“Lord of the Flies” is Peter Brook’s adaptation of William Golding’s famous novel. The opening series of grainy black-and-white still photography is not actually in the book but Peter Brook includes it as background information explaining to an audience who may not have read the book why the boys ended up alone on the island. A plane carrying English primary school boys has crashed on an uninhabited Pacific Island. With all the adults killed, the boys must fend for themselves.
The scene opens with the sound of the rising bell and a water colour of a public school in the country. This creates the impression that these are English boys from middle or upper class backgrounds who go to an expensive public school in the countryside. With the bell ringing in the background it sets the impression that these boys have a very routine and normal public school life, a million miles away from what they are about to be submerged into.
After this there is a school photo of the teachers and the pupils all looking content and civilised, again showing what a happy and carefree childhood they all have, but also how they always had an adult nearby to watch on them, emphasising what a shock it will be when they are stuck on the island without an adult in sight. The camera slowly moves in making us feel as if we are looking around their school. This is followed by a photograph of students at desks in big school with the sound of a teacher reciting Latin faintly highlighting what a dramatic transformation they are about to go through in their descent into savagery. In the background, the camera moves down the room, first from one direction so we can see the back of the boys’ heads and then the other so we can see their faces. This use of filming is clever as you forget that it is a still picture and are tricked into thinking it is filming.
Peter Brook chose to use black and white rather than colour because especially in the opening scene it sets more of a realistic wartime film. It gives the scene a somewhat cold and remote feeling. The next shot is of dining hall with the sound of young voices chatting happily. At this point the camera slowly moves upward to a window at the top of a room through which light is streaming. The way the camera is moving upwards towards the light looks as if it is moving up to heaven and feels very religious and at this point the image fades out to a line of choristers and the sound of their voices singing a Christian anthem. This is once again highlights what a far cry their behaviour is from the unchristian acts they will shortly commit. The camera slowly pans along the line of boys, so we can take each of them in. Again the fact that the camera is moving along a photograph gives the impression that you are walking along looking at the boys singing. The religious feeling is quite ironic considering what happens on the island. This is the end of the first sequence as we have uncovered every aspect of the school, physical, intellectual and spiritual.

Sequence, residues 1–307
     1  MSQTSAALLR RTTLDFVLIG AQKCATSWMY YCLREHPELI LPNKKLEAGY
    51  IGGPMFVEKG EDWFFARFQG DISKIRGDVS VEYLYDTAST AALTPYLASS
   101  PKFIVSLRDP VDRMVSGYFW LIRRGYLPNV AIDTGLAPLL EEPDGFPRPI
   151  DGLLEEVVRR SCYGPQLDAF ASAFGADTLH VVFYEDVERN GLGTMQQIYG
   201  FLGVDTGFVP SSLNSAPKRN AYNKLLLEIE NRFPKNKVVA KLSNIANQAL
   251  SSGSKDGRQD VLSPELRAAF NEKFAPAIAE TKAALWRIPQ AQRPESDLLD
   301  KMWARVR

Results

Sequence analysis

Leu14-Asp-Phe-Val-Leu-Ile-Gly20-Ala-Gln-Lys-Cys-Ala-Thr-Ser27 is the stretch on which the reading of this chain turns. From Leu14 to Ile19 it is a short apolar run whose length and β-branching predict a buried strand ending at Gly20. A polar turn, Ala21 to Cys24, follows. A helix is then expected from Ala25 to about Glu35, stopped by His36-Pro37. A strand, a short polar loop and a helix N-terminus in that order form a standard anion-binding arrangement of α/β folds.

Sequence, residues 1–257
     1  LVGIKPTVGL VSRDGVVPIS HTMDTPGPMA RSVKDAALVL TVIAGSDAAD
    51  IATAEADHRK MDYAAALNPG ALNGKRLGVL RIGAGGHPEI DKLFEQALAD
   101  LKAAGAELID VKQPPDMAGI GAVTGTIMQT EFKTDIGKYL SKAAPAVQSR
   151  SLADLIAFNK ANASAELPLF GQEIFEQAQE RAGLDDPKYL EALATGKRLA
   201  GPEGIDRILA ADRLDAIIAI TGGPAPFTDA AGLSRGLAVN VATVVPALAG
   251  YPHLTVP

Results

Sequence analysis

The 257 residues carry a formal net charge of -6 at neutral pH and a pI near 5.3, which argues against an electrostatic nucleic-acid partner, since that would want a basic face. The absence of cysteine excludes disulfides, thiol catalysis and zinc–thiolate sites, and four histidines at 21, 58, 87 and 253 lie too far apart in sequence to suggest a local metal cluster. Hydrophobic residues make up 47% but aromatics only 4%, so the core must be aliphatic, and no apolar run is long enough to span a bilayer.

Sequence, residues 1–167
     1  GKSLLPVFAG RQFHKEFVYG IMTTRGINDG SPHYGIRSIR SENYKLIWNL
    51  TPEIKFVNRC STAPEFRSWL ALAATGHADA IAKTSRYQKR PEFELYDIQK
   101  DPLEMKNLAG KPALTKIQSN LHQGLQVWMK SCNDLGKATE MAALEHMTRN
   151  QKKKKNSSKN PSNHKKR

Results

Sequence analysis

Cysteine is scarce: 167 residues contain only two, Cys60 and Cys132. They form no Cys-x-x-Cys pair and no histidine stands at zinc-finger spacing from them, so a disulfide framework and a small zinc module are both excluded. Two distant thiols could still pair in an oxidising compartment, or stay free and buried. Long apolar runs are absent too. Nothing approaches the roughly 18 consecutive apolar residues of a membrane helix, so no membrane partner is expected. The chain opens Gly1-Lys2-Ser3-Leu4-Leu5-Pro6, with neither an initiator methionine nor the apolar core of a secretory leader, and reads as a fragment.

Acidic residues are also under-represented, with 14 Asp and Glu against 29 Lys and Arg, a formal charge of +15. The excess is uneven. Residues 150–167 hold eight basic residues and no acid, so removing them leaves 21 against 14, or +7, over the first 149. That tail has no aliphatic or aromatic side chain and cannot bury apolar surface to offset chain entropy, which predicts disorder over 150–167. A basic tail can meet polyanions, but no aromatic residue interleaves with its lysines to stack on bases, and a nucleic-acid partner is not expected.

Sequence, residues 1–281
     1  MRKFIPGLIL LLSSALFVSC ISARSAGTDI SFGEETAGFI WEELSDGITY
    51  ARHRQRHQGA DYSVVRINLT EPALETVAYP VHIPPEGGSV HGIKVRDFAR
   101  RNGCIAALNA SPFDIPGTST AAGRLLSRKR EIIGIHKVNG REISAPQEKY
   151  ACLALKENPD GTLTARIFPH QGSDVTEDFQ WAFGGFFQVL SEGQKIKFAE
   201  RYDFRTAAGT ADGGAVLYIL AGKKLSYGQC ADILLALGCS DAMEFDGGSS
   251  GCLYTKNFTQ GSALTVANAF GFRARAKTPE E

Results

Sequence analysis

Following on from this, there is a black and white shot of spectators at a cricket match, who are heard to be clapping. Suddenly we hear the faint sound of tribal drums, which gradually get louder and louder. The contrast between the civilised clapping and the savage tribal drums indicates that their relaxed and carefree world is about to be tipped upside down. The camera flicks away from the cricket match to photographs of nuclear missiles facing one way and then the other. The drumming continues to become louder, quicker and more intense, as the camera moves slowly up the photograph of an enormous rocket, making you feel as if it is not a still photo, but a moving image. The camera view of it makes you feel very small, compared to the enormous rocket.
We hear the chiming of Big Ben and see a picture of it that is tilted, as if it is falling over, which indicates the destruction of London. Following this the camera is zooming out from an evacuation sign, and a shot of boys looking naively happy, as if they do not realise that they are in the middle of a nuclear war. One of the boys is also holding a picture of an aeroplane, again showing how immature he is not realising the danger of the situation. After that there is a series of watercolours of planes and clouds, the camera moving over a cloudscape and map to create a sense of movement towards a destination in the Pacific. Suddenly in one shot lightning strikes the wing of a sketch of a plane, implying a crash; the camera cleverly twirls, again giving the effect of the plane spinning out of control and plummeting to the ground. The opening scene ends with a picture of the plane in a lagoon and of the tropical island. The background has been filled in and the moving pictures start up.
Peter Brooke successfully carries off using still, sometimes blurry black and white photos, or water colours, rather than what the audience would expect, moving in Technicolor, as was the norm at the time; it is very brave of him. His use of camera techniques such as panning, fading, flicking, zooming in, zooming out, camera angle and many more, manages to keep you interested. The fact that he uses black and white photos does make you feel it is more realistic and authentic. It also adds a sense of mystery and hints at the darkness looming ahead. He incorporates sound very effectively, like the tribal drums, which are quite a theatrical and dramatic contrast to the pleasant sounding choir boys, a contrast much like the one the boys undergo on the island. Peter Brooke’s opening scene is original, an interesting way of putting the background information across to the audience. He sets the scene for what is to come, while emphasising the dramatic change the boys go through to become the bloodthirsty savages that they are by the end of the novel.